Feb 12 2019
The legend behind Valentine's Day!
Valentine's Day is all about love, proposal, marriage, hearts, roses and a lot more. Every February 14, across the globe, candy, flowers and gifts are exchanged between loved ones, all in the name of St. Valentine. But does anyone know who is this mysterious saint, and where did these traditions come from? Let's find out more about Valentine, this year before celebrating it.
The Catholic Church identifies three different saints named Valentine or Valentinus and all of them were martyred. One of the stories argue that Valentine was a priest who lived in the third century in Rome. When the Emperor Claudius II declared that single men made better soldiers than those with wives and families, he prohibited marriage for young men. Valentine was against this law and defied Claudius. He still encouraged marriages and continued to perform marriage rituals for young lovers in private as a secret. When Valentine was caught for his illegal activities by the Emperor, he was sentenced to death as the punishment. The story seems quite lovable and stands as a symbol of love for the romantic couples.
The other stories are not as passionate as the previous one. One of them says that the Valentine may have been killed for attempting to help Christians escape harsh Roman prisons, where they were often beaten and tortured. Another legend claims that an imprisoned Valentine actually sent the first “valentine” greeting himself after he fell in love with his jailor’s daughter, who visited him during his confinement. Before his death, it is alleged that he wrote her a letter signed “From your Valentine, "we are still into it. Although there are many stories regarding the Valentine and Valentine's Day, there are some commonalities for all. Every story emphasize his appeal as a sympathetic, heroic and most importantly romantic figure. Because of this fame, by the Middle Ages, Valentine became the most popular saints in England and France.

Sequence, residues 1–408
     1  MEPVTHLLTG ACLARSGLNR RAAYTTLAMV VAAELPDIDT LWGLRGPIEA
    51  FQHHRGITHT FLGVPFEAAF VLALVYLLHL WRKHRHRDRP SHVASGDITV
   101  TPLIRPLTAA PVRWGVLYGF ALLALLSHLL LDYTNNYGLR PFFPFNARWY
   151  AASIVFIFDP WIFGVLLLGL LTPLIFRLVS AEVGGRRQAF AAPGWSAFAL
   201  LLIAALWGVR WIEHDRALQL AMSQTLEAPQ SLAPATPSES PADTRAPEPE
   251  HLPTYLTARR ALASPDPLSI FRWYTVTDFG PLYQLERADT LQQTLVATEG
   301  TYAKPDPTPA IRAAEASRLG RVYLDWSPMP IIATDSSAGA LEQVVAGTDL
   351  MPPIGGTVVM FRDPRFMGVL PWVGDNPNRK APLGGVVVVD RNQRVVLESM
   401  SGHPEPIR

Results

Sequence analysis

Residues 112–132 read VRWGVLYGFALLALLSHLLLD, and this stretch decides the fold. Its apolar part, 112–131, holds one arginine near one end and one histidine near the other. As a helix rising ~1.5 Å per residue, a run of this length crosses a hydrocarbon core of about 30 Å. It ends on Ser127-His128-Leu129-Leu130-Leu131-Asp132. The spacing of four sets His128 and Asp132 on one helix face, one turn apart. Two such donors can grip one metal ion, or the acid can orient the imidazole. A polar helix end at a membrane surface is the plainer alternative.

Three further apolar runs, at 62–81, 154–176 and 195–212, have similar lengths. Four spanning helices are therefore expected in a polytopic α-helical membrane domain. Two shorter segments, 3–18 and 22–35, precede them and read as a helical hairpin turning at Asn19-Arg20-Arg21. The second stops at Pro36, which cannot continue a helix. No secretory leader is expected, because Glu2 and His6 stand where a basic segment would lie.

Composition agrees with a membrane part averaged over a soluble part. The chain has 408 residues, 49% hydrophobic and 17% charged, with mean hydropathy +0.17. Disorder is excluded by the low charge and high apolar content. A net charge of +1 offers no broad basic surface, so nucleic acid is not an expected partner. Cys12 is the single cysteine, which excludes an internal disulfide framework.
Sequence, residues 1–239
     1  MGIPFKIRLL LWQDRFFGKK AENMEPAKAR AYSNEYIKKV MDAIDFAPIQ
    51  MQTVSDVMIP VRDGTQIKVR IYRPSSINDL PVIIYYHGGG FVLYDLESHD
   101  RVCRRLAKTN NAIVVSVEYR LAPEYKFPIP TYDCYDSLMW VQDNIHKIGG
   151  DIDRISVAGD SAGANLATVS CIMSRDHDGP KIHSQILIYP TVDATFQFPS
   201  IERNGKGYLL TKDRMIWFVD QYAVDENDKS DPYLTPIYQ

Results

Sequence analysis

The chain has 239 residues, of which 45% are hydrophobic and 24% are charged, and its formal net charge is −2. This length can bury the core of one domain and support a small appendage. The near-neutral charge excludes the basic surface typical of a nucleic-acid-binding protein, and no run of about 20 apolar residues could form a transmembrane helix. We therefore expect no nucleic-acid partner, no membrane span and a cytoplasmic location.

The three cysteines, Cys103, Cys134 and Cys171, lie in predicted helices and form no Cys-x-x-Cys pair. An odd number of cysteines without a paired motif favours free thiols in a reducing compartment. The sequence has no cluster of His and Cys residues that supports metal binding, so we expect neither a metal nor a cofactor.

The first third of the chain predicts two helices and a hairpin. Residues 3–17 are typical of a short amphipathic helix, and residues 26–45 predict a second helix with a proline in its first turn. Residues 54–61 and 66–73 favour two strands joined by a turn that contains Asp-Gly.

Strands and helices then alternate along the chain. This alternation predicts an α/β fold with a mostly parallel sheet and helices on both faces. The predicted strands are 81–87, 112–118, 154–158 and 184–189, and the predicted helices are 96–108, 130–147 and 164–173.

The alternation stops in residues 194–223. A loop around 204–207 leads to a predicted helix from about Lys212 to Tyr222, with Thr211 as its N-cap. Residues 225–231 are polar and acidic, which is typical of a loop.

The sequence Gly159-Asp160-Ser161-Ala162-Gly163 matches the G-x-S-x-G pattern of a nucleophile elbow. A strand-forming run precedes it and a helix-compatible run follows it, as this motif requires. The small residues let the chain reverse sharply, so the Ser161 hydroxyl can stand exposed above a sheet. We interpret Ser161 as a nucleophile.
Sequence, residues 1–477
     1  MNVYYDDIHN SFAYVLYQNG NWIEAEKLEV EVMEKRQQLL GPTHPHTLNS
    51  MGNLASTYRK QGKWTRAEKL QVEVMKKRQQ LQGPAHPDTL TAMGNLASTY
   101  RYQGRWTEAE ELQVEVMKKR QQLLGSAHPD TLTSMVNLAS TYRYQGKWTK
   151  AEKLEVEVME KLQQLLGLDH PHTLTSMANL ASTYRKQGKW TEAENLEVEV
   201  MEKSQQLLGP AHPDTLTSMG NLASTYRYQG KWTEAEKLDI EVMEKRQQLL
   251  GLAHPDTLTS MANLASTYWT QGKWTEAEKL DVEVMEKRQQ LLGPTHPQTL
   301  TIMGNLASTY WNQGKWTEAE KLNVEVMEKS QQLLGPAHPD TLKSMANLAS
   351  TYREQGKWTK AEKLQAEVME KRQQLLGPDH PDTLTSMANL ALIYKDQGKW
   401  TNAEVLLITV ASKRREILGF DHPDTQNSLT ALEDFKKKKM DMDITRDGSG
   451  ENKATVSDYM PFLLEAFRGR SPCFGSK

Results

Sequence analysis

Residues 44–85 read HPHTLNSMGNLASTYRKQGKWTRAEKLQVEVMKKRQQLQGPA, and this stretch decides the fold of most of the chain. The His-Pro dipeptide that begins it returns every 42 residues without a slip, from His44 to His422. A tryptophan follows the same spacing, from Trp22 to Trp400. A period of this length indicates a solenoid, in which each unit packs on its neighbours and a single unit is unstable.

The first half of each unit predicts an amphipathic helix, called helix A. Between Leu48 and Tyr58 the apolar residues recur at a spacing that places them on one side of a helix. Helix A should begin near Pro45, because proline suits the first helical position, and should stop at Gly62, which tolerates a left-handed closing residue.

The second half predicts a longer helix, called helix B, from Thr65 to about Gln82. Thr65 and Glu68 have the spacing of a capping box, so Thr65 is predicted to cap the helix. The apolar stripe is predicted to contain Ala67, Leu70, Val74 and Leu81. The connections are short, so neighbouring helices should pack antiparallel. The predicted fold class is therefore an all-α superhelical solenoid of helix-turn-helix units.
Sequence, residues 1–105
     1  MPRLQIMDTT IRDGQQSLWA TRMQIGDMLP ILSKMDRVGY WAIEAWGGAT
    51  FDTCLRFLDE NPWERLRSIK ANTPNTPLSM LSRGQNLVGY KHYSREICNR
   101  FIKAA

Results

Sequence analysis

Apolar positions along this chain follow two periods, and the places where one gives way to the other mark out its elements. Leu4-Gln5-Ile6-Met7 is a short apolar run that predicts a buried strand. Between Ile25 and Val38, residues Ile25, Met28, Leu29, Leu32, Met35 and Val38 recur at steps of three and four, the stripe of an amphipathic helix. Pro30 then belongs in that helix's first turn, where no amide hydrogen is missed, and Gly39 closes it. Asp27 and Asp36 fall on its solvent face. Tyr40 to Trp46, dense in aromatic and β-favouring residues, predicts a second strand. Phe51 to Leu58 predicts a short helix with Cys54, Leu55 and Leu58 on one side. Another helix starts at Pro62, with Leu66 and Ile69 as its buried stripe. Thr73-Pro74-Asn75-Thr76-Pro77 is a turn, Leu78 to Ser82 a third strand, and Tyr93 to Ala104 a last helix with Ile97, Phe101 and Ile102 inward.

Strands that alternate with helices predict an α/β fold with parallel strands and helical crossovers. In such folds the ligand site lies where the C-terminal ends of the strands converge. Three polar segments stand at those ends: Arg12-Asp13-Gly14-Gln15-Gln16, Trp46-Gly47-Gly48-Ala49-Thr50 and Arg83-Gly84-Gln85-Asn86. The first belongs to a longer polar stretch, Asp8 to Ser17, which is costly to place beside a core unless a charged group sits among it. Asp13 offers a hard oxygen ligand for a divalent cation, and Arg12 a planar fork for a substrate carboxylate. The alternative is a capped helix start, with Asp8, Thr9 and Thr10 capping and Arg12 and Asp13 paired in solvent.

While some believe that Valentine’s Day is celebrated as St. Valentine’s feast day in the middle of February in an effort to “Christianize” the pagan celebration of Lupercalia. Lupercalia was a fertility festival dedicated to Faunus, the Roman god of agriculture, as well as to the Roman founders Romulus and Remus. There was another belief which existed in the France and England that February 14 was the beginning of birds’ mating season, which added to the idea that the middle of Valentine’s Day should be a day for romance. By 18th century, it became a common thing for friends and lovers of all social classes to exchange small tokens of affection or handwritten notes, and in 90's printed cards began to replace the traditional hand written letters due to improvements in printing technology. Thus, Valentine's Day turned out to be the most romantic day for love proposals, happy Weddings and love making. Happy Valentine's Day folks!